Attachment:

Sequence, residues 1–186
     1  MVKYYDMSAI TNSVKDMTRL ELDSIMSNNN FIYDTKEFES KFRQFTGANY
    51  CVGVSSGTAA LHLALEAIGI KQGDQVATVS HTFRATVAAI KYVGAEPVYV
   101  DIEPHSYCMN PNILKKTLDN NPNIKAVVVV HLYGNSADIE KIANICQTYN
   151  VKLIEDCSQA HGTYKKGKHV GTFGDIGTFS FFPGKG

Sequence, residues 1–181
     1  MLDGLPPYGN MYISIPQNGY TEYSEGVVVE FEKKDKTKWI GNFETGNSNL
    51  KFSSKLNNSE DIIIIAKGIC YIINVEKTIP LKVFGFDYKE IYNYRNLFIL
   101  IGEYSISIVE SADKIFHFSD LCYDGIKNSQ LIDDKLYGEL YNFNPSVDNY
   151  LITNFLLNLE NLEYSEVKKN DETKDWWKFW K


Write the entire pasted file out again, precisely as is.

Sequence, residues 1–186
     1  MVKYYDMSAI TNSVKDMTRL ELDSIMSNNN FIYDTKEFES KFRQFTGANY
    51  CVGVSSGTAA LHLALEAIGI KQGDQVATVS HTFRATVAAI KYVGAEPVYV
   101  DIEPHSYCMN PNILKKTLDN NPNIKAVVVV HLYGNSADIE KIANICQTYN
   151  VKLIEDCSQA HGTYKKGKHV GTFGDIGTFS FFPGKG

Sequence, residues 1–181
     1  MLDGLPPYGN MYISIPQNGY TEYSEGVVVE FEKKDKTKWI GNFETGNSNL
    51  KFSSKLNNSE DIIIIAKGIC YIINVEKTIP LKVFGFDYKE IYNYRNLFIL
   101  IGEYSISIVE SADKIFHFSD LCYDGIKNSQ LIDDKLYGEL YNFNPSVDNY
   151  LITNFLLNLE NLEYSEVKKN DETKDWWKFW K